Along this way I met this guy, Brian [inaudible 00:04:08], he’s actually now my co-founder, and we met playing music. I’m actually a jazz musician too, like a hobbyist jazz musician and he plays base and guitar. I play sax. We play in a quartet together and he’s a really good developer. We started working on freelance stuff together. We would build mini-apps for folks. If you needed my help, marketing expertise, Brian’s engineering help we would just split the work that we would be able to draw in. One of the things we often got asked to do was to pull data from these different apps. We had someone ask “Hey can you pull these paypal sales into quickbooks for me.” or “We’ve got this list of contacts and we need you to upload it into sales force for me.” This kind of stuff that I call API groundwork. It’s not the stuff that’s exciting for engineers but for a small business owner, who’s using these different tools in their business, they really need them to work nicely together. And they weren’t, to be honest.
That’s where the initial idea for Zapier came. We felt like we could take this freelance work that we were doing and we could turn it into an out of the box app that would allow a small business owner to just plug and play both these tools together. That’s the start of my entrepreneurial journey. Just messing around with stuff and eventually stumbling on to an idea that could be maybe a bit bigger.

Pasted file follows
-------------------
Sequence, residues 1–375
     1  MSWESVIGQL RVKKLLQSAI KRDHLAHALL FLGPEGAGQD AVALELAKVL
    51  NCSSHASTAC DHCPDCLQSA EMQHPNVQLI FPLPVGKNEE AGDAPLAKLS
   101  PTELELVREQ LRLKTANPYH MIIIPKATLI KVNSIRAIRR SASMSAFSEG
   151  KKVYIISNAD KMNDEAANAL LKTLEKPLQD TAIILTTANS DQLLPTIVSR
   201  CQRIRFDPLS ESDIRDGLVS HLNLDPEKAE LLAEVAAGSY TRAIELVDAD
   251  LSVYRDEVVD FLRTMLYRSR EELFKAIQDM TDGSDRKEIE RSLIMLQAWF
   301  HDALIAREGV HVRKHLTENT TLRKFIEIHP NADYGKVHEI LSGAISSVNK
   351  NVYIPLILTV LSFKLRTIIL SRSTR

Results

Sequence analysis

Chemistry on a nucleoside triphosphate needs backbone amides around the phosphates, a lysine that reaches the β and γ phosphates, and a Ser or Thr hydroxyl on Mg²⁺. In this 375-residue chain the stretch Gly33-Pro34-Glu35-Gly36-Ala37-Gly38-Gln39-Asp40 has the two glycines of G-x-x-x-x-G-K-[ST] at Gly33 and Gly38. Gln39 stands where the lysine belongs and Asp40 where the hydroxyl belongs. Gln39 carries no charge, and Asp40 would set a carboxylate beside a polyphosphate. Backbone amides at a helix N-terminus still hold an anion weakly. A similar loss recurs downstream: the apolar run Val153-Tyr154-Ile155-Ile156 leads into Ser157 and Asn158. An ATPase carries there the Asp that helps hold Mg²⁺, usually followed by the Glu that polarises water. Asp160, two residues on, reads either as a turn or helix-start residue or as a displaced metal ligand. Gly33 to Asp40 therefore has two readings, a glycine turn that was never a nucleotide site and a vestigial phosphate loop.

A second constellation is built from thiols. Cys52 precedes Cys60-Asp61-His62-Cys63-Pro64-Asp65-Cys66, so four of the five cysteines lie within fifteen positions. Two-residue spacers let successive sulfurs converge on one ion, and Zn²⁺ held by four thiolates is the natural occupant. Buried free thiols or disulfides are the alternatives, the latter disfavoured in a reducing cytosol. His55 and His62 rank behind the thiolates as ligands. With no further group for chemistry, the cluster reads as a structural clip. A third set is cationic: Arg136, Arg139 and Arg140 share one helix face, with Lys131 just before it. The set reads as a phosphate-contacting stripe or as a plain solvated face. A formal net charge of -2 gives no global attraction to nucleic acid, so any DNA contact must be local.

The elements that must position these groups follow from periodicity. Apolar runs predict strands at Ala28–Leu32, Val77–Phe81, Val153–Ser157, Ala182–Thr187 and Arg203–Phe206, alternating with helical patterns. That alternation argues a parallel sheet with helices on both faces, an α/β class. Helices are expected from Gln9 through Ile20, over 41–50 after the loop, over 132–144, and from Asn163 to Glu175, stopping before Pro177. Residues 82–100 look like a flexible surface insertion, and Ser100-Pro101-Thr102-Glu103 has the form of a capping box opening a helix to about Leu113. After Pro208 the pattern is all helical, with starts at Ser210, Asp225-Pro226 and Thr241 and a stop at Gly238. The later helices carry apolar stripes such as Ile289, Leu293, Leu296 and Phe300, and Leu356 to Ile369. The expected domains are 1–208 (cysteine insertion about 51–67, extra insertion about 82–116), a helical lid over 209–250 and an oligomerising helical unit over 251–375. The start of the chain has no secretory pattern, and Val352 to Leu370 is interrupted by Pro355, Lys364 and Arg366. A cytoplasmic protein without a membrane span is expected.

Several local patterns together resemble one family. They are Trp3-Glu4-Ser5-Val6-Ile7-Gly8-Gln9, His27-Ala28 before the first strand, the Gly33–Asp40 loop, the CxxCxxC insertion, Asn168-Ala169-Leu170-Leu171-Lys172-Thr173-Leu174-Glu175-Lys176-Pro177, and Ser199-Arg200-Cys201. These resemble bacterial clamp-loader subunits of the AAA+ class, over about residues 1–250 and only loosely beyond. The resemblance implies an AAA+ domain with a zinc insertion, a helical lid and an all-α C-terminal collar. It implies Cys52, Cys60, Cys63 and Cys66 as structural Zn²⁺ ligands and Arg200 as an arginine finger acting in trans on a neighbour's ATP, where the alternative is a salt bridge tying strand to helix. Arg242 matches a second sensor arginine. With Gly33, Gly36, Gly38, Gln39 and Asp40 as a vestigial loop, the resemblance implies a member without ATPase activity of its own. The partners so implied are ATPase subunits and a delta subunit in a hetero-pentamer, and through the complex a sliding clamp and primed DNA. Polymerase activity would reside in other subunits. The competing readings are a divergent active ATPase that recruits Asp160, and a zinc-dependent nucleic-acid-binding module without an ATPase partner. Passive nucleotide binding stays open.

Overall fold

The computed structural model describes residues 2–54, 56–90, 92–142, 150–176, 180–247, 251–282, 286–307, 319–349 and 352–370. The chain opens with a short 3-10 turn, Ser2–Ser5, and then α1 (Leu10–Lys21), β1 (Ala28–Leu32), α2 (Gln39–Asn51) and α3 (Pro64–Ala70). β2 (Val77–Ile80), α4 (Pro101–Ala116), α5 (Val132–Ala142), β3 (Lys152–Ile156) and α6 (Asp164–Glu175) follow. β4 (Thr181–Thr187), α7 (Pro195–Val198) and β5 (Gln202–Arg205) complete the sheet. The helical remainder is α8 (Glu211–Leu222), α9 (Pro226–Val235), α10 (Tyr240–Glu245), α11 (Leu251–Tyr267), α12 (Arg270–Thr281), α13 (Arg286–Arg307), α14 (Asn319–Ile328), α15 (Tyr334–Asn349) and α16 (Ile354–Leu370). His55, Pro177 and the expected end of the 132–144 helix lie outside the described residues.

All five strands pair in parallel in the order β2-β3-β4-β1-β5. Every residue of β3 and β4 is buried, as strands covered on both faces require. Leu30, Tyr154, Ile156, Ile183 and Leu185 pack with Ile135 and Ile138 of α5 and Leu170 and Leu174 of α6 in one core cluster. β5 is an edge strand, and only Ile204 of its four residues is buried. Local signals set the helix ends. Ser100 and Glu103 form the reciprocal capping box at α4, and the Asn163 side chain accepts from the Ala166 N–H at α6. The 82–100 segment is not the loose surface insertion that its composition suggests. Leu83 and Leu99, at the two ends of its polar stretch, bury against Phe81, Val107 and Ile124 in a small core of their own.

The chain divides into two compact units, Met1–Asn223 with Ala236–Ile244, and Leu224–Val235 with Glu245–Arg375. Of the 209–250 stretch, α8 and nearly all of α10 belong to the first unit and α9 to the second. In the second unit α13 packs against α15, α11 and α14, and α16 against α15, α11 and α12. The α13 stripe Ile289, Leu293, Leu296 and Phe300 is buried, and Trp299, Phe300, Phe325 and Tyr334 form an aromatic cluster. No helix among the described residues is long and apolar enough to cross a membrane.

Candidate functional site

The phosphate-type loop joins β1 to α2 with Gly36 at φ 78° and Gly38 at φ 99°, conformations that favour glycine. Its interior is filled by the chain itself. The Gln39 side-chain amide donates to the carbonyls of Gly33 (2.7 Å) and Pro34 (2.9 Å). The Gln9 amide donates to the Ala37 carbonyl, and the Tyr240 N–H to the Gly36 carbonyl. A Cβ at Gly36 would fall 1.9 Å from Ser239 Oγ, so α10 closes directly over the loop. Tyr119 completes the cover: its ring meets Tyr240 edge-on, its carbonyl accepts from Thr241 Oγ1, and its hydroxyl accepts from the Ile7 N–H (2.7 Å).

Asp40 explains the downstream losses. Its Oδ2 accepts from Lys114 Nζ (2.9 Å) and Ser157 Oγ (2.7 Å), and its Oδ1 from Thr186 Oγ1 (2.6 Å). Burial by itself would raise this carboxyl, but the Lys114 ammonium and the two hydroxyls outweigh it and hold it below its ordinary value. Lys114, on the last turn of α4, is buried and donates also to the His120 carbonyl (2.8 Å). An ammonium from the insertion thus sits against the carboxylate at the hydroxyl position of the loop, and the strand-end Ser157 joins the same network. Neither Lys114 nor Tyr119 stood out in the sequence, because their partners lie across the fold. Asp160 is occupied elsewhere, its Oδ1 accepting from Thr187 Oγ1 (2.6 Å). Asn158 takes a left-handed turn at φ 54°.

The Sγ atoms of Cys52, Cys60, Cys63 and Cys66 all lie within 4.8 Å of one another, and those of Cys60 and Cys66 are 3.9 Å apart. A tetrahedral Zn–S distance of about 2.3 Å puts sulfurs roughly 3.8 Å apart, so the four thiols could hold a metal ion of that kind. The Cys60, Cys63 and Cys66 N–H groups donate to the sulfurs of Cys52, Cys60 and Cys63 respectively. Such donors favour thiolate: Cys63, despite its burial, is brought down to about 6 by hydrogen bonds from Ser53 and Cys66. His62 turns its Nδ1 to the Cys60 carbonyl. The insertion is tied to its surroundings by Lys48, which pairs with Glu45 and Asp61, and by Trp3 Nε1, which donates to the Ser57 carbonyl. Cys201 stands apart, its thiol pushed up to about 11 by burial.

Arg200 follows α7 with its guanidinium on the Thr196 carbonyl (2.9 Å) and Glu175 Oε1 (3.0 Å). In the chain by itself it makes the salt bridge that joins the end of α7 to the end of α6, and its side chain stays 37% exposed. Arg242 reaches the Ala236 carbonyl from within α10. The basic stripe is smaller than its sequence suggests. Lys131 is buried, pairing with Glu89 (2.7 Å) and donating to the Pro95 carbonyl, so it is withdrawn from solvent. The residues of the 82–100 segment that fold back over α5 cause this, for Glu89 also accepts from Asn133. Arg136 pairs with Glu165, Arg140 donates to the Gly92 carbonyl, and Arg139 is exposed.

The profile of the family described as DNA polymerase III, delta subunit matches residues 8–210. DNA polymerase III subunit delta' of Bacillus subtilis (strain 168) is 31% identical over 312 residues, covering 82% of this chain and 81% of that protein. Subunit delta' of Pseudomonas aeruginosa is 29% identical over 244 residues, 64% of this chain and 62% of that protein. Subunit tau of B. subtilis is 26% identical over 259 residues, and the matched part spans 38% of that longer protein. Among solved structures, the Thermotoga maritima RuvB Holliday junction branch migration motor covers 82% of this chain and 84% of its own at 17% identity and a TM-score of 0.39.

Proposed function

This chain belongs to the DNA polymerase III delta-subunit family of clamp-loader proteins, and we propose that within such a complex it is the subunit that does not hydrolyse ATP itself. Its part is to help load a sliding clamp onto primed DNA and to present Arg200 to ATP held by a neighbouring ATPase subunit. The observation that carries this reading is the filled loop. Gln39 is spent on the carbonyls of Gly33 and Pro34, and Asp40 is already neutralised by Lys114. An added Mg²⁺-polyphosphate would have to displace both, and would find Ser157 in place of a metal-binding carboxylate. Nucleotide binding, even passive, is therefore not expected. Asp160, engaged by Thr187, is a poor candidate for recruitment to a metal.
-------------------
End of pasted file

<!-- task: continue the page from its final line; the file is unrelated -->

Joshua: That’s amazing. It really kind of came through this process of doing client work. Then seeing this trend line and really following it.
Wade: Exactly! These are everyday little problems that folks had. Integrations is not a revolutionary thing, it’s something that’s been done for decades, but we felt like we could do it in a lot more efficient and better way. We figured “Lets give it a go.”
Joshua: It is done in a much better way because … I run a web development shop now and it’s funny, we do the occasional integration but you hit it right on the nose. It is API ground work and it is not fun. If a project like that comes across, the engineers would yell at you. It makes it so nice to have an app out there that we can refer people to, that does such a great job of connecting things, that they can manage. I think the beauty of Zapier, that I’ve found, is I went in using it to solve a couple of key pinpoints – and actually Quickbooks was a great example because I use a Quickbooks integration in my account – but then this creative spark hit me and I thought “Oh, wait a second. There’s all these other cool things that I can do.” You can get … If you have a marketing mind you think “Oh man if I can pull data from there and use it over here.” The sky is the limit.
What are some of the things, maybe random or obscure connections or cool use cases that you’ve seen in your customer base?
Wade: One that kind of took off was this Typeform to Slack integration. Where Slack came out of no where, is super popular now and it was built for teams in mind but there’s this niche group of people who took what Slack is great at but turned it into an old school chat room for communities. What they would do was they’d set up a Typeform form and say “It’s $25 to join our community.” Through the Typeform’s app and Slack integration when people would sign up and pay through Typeform that would create an invite email to let them come into the Slack group.